Privatizing Wichita’s parks system has largely resulted in giveaways to developers and other private interests rather than Wichita’s residents, according to a report by the Wichita Eagle. Most of the renovations and rebuilding of public facilities in the city have largely been done with private interests first and foremost in mind.
As an example, between 2018 and 2020, Naftzger Park at Douglas and St. Francis was rebuilt at a cost of $5.2 million, largely — according to the Eagle — to facilitate the construction of a commercial/office complex at the park’s east edge and a 41-unit apartment conversion in the former Spaghetti Works building.
Evergy donated $1.4 million and has its name on the bandshell and video board that dominates the park, and alcohol sales are now controlled under contract to the city by live entertainment venue “The Wave.”
The Eagle says Naftzger is just the tip of the iceberg, with many of the largest park deals of the last 10 years done with private interests ahead of public interest.
In 2018 a rebuilt and privatized Stryker Soccer Complex near K-96 and Greenwich more-or-less destroyed the nonprofit Sedgwick County Soccer Association, “based at South Lakes Park — which once served 3,000 community youth — in favor of the for-profit operator that benefits from $23 million in new soccer fields funded by Sales Tax and Revenue, or STAR, bonds.”
STAR Bonds are a tool intended to help Kansas municipalities finance the development of major commercial, entertainment, and tourism projects. The bonds are paid off through increased sales tax revenue generated by the development.
However, a 2021 study by the Kansas Legislative Division of Post Audit found that only 3 of the 16 STAR bond attractions they reviewed met Commerce’s tourism-related program goals, and a 2020 analysis of STAR Bond projects in Wichita, commissioned by the Sentinel’s parent company, Kansas Policy Institute, found that they mostly shifted economic activity and jobs to other parts of the city rather than create incremental activity.
Eagle reports other projects are “gimmies” for developers
Per the Eagle:
- The Chester I. Lewis Reflecting Square Park near Douglas and Market, dedicated to Wichita’s civil-rights struggle, will also be a $2.2 million decorative entryway for a new private osteopathic medical school.
- The city has partially constructed Pracht Wetlands Park near 29th North and Maize Road for hiking, bird-watching, and other wildlife observation. Some of the land for the park — flood-prone and essentially unbuildable — was donated by a developer of adjacent commercial properties. One of the first parts completed was a bridge into the park from a hotel that’s part of the development.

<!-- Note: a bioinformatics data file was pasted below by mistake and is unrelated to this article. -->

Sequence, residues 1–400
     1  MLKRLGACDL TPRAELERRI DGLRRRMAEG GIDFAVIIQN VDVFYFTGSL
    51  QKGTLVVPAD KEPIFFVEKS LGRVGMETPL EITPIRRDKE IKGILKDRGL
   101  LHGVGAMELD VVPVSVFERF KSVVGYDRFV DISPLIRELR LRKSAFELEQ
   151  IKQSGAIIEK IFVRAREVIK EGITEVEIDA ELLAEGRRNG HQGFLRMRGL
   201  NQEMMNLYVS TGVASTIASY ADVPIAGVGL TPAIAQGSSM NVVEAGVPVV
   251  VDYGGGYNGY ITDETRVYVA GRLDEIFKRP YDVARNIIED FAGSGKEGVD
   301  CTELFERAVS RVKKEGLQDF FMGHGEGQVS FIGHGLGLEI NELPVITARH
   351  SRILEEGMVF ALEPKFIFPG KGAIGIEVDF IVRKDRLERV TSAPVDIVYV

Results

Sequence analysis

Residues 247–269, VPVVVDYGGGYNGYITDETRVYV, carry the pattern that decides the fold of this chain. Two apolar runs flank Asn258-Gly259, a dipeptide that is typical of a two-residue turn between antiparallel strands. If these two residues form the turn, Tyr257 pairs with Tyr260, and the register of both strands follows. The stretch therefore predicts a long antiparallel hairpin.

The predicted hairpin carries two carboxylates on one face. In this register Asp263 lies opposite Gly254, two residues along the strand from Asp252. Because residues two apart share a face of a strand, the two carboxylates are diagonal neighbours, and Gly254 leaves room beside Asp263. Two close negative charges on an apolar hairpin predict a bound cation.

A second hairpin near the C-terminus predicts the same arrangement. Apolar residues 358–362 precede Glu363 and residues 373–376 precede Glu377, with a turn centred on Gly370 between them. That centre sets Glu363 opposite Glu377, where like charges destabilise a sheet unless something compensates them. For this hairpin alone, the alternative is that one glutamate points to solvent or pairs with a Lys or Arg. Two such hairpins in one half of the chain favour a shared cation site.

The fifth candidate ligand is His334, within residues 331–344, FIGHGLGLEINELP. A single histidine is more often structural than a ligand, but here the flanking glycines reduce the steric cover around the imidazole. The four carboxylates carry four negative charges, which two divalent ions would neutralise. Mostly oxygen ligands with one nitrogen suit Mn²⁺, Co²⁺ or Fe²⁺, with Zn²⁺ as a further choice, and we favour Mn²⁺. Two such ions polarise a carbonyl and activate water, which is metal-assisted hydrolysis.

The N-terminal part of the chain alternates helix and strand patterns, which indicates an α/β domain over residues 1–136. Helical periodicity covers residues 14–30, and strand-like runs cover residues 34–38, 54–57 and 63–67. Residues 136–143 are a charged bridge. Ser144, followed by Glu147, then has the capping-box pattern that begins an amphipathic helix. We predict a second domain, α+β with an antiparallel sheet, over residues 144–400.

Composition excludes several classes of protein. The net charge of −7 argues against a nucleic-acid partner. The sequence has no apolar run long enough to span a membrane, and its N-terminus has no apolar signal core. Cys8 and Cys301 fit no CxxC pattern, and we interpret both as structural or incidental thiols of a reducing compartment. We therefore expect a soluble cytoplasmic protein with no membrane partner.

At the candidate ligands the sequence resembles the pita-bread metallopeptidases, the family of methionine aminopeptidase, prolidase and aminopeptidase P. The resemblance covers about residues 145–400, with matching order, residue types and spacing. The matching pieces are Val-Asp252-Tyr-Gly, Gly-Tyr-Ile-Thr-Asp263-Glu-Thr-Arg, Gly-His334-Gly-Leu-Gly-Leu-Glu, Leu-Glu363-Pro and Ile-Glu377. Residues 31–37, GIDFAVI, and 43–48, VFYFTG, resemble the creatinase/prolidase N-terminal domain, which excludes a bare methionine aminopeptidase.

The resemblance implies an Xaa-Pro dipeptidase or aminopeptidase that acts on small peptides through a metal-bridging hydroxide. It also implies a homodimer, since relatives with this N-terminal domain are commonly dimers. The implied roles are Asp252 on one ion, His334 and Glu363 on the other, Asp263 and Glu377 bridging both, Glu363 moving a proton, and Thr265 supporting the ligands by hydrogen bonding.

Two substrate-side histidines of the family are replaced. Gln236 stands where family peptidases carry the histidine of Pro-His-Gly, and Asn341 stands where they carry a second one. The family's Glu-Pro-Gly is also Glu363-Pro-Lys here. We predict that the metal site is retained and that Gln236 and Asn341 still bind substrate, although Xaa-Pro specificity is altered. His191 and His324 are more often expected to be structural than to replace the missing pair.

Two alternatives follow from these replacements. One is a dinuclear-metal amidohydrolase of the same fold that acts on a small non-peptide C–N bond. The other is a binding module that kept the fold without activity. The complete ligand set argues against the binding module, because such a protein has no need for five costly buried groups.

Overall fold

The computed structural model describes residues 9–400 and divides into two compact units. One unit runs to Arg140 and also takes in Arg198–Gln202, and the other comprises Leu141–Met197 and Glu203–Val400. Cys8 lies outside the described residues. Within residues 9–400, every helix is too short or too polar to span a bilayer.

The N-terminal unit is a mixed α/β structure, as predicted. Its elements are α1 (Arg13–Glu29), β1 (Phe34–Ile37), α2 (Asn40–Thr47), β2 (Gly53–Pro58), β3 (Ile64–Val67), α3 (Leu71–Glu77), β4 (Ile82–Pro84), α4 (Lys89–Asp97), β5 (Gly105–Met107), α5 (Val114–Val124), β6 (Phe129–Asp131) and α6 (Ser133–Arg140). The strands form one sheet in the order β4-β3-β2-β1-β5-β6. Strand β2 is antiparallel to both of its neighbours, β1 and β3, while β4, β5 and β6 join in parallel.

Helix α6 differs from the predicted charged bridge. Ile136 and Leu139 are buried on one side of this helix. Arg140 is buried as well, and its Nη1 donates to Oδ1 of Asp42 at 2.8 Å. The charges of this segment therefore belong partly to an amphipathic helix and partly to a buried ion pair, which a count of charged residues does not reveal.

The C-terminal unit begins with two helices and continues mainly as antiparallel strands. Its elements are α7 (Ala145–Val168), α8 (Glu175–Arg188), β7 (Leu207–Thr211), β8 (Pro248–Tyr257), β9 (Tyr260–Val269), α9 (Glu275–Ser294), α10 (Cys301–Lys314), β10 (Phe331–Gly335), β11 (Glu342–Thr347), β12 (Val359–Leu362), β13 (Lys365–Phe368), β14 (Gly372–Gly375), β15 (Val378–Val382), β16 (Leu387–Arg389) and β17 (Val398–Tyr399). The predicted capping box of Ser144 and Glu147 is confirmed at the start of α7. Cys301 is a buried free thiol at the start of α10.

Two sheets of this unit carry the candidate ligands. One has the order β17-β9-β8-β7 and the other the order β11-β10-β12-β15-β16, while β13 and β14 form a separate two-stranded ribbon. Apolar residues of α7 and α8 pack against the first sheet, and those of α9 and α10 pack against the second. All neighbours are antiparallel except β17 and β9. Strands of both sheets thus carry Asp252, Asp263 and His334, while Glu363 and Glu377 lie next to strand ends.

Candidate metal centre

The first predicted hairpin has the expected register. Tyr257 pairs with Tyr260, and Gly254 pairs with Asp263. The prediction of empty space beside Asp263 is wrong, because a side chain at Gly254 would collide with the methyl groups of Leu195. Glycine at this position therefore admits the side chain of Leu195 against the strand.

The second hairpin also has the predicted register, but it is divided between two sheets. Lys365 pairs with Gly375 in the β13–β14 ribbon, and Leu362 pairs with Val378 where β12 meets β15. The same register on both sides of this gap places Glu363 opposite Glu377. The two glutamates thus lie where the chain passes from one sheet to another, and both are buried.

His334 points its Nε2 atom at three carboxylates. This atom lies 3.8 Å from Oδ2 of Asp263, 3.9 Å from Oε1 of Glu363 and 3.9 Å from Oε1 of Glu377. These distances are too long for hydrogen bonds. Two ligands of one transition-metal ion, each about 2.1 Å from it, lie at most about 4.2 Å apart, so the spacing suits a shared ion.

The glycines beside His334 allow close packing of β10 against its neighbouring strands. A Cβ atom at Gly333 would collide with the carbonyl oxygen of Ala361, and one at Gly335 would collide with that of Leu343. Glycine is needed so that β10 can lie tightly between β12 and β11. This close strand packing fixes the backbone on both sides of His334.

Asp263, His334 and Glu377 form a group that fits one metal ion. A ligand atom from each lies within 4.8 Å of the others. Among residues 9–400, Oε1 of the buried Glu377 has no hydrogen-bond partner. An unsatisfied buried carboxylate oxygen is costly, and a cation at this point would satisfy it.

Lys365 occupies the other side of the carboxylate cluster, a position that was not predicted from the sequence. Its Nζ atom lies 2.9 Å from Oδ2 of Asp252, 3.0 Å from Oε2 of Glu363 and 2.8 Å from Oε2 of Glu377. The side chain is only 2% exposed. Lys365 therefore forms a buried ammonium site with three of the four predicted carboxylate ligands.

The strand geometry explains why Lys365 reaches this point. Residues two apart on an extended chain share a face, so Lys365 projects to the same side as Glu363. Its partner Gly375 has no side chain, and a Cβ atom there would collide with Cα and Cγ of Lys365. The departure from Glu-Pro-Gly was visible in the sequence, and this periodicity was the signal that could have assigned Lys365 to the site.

- Currently on hold is Crystal Prairie Lake Park in northwest Wichita. Another public-private venture, an ambitious $25 million plan for development has been sitting on a shelf since 2009 while a for-profit sand company excavates a 420-acre lake at the site. A tawdry history of city staff altering bids for the sand led to years of delay in creating the park. Now, the plan is so old that the cost of doing it has been estimated as much as four times what it would have been when it was drawn up. It’s likely to be dramatically scaled back, but developers around the site are still using it as a selling point for new homes.
AFPF finds stunning lack of oversight and transparency for STAR bonds
As the Sentinel reported earlier this month, the Americans’ For Prosperity Foundation found a startling lack of oversight at the Kansas Department of Commerce.
The scope of the issue, however, is unclear because nearly a year after filing the Kansas Open Records requests, AFPF still doesn’t have all the documents they requested.
AFPF’s Director of Investigations Kevin Schmidt said he filed the records requests in November 2021, and while he has received some of the records, he receives a monthly letter from the Kansas Department of Commerce saying more time is required to fulfill the requests.
“We’re getting close to a year now, and we’re still waiting on at least two categories of records,” Schmidt said in a telephone interview recently “We haven’t received anything from Secretary of Commerce (David) Toland; we haven’t gotten any emails. I think the only thing we’ve gotten are emails from the chief counsel Bob North.”
One of the more disturbing things Schmidt said he found was that in many cases, attorneys for the entities requesting the bonds are writing the draft bond approval letters to be rubber-stamped by the Commerce Department.
Indeed, in at least one case, Commerce wasn’t even aware of the details of a project for which they were drafting an approval letter.
The e-mails produced to AFPF-Kansas — and provided to the Sentinel — show multiple instances where the Department of Commerce fails to provide substantive oversight over STAR Bond projects. On more than one occasion, Commerce accepted draft approval documents from the law firms requesting STAR Bond approvals for their clients.